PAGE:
The most popular Hollywood movies on the mainland are always about heists, with Fast Five reaping 67 million yuan (HK$82.45 million) at the box office in its first four days of screening last year.
In that perfect world, the outlaws pocket all the money and take hot, bikini-clad girls back home. The outlaws are happy, and so are the audiences.
But the real world doesn't have Hollywood endings and, on the mainland, robbery is a particularly bleak vocation compared with other avenues for illicit gain - such as working for a state-owned enterprise.
The Zhengzhou Daily reported on Wednesday that one young man who stole a purse on the street was caught immediately and jailed for more than eight years.
Meanwhile, the Legal Evening News reported that the head of a small company owned by Shandong's provincial government who, together with his wife corruptly received nearly 2 million yuan was jailed for 13 years. That's only five years more than the poor robber who did not get to spend a fen of his ill-gotten gains.
And a popular online post detailed purchases made by a state-owned real estate company based in Nanjing , showing the spendthrift nature of its officials. Modern Express, a newspaper owned by Xinhua, reported that the Nanjing company spent 4,000 yuan to buy a pet dog as a gift for one of the officials, 3,762 yuan on saunas, 3,000 yuan on fishing trips and 2,622 yuan on a suit for a female official.
'That is nothing but a drop in the bucket,' the story quoted a blogger as saying. 'How many officials in state-run companies are never corrupt?'
Local discipline officials told the paper that they had looked into the matter. The paper said some of the company's officials were fired - but if things follow the normal pattern, that is likely to be the only punishment they will receive for their corruption.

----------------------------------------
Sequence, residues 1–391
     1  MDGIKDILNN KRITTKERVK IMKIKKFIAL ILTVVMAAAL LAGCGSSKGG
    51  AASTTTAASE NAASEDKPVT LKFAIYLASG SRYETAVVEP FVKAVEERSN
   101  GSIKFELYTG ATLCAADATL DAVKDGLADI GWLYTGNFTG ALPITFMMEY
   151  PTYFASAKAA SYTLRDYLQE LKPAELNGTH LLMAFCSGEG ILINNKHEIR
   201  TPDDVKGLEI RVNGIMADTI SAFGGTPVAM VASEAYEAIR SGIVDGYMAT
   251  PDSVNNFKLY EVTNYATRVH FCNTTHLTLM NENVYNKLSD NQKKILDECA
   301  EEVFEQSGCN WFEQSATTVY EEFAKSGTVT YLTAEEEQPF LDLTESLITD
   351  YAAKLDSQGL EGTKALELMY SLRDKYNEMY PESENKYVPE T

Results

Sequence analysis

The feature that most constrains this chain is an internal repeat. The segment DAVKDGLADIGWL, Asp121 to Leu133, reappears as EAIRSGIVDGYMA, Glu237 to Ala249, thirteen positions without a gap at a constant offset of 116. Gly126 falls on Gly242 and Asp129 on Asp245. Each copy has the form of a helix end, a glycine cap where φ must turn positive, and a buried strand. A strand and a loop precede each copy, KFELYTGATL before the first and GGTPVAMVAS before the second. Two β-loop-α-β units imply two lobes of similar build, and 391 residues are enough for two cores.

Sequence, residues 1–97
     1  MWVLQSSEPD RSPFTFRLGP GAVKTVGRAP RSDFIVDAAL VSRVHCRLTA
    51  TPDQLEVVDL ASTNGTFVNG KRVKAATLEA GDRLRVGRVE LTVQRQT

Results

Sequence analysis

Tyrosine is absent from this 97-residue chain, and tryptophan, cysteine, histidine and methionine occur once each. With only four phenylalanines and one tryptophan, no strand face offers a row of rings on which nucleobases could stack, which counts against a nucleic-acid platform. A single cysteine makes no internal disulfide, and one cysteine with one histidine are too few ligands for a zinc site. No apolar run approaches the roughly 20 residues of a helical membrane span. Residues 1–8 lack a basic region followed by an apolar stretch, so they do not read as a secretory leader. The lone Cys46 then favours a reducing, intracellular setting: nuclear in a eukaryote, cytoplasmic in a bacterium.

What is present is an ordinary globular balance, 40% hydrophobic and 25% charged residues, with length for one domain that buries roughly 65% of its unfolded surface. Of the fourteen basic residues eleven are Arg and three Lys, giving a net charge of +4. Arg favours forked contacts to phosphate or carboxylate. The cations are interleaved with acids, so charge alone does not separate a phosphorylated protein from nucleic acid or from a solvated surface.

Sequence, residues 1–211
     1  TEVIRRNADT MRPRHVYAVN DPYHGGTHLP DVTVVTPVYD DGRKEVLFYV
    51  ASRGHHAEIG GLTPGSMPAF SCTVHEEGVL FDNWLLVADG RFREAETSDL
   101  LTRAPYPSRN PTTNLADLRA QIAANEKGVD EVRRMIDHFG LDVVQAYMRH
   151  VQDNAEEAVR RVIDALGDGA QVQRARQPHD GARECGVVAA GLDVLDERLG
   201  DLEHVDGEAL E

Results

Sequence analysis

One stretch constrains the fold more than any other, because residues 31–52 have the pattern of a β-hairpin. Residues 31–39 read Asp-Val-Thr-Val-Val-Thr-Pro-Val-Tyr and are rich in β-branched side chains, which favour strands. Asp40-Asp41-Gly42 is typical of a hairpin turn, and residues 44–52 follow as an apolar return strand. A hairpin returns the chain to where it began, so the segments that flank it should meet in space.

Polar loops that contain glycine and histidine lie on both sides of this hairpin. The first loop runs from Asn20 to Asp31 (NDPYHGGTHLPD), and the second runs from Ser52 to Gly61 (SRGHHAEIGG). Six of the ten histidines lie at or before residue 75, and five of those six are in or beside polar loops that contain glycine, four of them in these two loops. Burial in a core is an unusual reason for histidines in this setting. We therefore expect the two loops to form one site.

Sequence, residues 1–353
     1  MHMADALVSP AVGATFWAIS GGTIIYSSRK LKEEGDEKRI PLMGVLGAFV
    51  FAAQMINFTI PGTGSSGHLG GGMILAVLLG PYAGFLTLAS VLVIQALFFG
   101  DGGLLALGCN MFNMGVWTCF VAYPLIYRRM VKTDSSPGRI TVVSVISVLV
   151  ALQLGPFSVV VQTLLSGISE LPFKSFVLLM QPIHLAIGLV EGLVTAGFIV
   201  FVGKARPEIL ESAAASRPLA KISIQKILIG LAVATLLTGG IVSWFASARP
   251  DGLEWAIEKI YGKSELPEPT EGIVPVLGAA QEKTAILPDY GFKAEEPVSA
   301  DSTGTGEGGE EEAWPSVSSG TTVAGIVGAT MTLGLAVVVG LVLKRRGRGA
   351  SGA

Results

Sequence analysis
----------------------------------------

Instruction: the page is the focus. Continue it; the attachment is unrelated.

The Shanghai Securities Daily, which covered the same story, said the list was shocking because the company paid for nearly everything - including a few thousand yuan's worth of Wuliangye, a famous liquor brand.
It then recalled a corruption case from last year to illustrate the situation in state-owned companies and their executives' love of upmarket alcohol.
Lu Guangyu, head of the Guangdong branch of Sinopec, one of the largest state-owned oil companies, billed the company 630,720 yuan for several boxes of Chateau Lafite Rothschild and 958,320 yuan for mao-tai. He was sacked and placed 'under the investigation of the company's internal affairs division'. No further penalties have been announced.
This may explain why talented young mainlanders are eager to work for state-owned enterprises. It's more secure and safe, and if you are lucky, you make much more money.
Robbery might not have the same career prospects but Chinese people still love stories about robbers. China's classic novels often feature characters stealing from corrupt officials and greedy businessmen, and giving to the poor.
The tales are similar to those of Robin Hood and his men, with one exception. The Chinese Robin Hood almost always either surrenders or is caught by the authorities.
That's why the most popular comment online about the gift list story was: 'Please help us to shoot these corrupt officials. Where are the brave men?'
The central government also realises the scale of the mainland's corruption problem, with officials gathering too much power amid almost no supervision or monitoring. It is concerned that if the situation continues, it might undermine social stability.
In an article published last week in Qiushi, the Communist Party's mouthpiece magazine, Premier Wen Jiabao promised more resolute measures to combat abuses of power and corruption.
Entitled 'Let power be exercised under the sunshine', Wen's article said the central government's big task this year was to fight corruption.
The official Guangming Daily ran an editorial headlined, 'The value of state enterprise', to echo Wen's call. It concluded by saying 'the reform of Chinese enterprises is far from finished'.
The premier has talked a lot about fighting graft, but it does not appear that much has been achieved in the past two years.